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Small colonies of fungi will develop on the organic matter within the top layer of the soil. This includes bark segments, sphagnum peat, or even the fine soil grains itself. Although there are several different species of fungi, they'll all need to be treated in the same way. White or yellow mould will most likely be a form of saprophytic fungus, which is completely harmless and even beneficial for most plant species. It's up to you whether or not to remove the fungus, but for the interest of visuals, this article will discuss the easiest ways to eradicate it from the soil.
N. B. - If you've found black, sticky mould growing on the top sides of the leaves, it most likely is Sooty Mould which is caused by pest excrement. Click here for more information regarding this issue!
An infected batch of compost is the common culprit for an attack. Whether it was originally from the nursery or garden centre, or a recent transplant, this form of fungi can lay dormant in the soil for many months until the conditions are best suited for germination. When storing a bag of compost at home, be sure to keep it in a dry, dark shed or garage with the hole tightly sealed.
Over-watering and high humidity will speed up the process of development, as the fungus thrives in saturated conditions.
A dark location that offers poor air circulation is another common culprit for an attack. Bathrooms and laundry rooms are the two hard-hit areas of the house as they'll provide a humid, shady location with little chance of fresh air.
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First things first, reduce the frequency of waters if it's in a dark location. In some cases, but not all, mould or fungi can still develop on dry soil, but usually is caused by poor soil or low light. The relationship between the frequency of irrigations and the light levels is significant. If you've got a plant in a shady setting with high humidity, you must allow the top few inches to dry out in between waters. This is because the combination of no natural lighting and overly saturated soil will significantly increase spore germination.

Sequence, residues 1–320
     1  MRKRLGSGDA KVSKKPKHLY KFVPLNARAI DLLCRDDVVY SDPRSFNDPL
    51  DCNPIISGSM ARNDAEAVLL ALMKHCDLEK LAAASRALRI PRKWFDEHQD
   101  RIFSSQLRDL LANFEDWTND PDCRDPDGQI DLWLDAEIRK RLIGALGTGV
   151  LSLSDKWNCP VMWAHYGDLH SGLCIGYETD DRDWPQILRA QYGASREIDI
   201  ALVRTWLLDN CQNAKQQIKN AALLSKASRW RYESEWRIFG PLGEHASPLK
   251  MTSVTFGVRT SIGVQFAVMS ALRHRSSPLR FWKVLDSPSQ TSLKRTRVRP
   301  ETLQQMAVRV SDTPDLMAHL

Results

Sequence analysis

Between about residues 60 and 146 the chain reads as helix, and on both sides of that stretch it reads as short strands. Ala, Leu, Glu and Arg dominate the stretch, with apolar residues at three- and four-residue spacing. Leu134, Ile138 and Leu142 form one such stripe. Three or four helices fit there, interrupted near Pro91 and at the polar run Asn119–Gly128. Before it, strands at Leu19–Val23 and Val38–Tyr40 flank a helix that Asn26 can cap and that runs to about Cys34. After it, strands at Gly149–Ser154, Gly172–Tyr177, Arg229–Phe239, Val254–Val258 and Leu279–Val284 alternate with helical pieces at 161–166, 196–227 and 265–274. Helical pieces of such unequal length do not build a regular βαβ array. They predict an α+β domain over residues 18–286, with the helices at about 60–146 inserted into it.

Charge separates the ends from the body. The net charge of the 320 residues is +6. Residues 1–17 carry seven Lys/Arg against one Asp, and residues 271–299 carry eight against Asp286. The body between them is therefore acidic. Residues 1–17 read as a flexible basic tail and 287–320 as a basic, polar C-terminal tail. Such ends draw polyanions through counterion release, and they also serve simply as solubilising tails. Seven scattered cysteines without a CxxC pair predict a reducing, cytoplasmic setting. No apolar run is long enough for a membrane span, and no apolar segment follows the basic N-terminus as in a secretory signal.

Poorly stored bags of used compost should never be used for houseplants. When there's an open hole in the sack, moisture can be absorbed into the soil which will be a breeding ground for nasties to develop. If you've got leftover soil, be sure to keep it in a dry, dark environment with the hole sealed fully.
Regularly check for any signs of fungus development in the plant's soil - even if it's just a small portion that becomes moulded, be sure to remove the whole layer for a fresh batch. You can never be too safe with an infestation of pests or diseases, especially if you have them in close proximity to one another!
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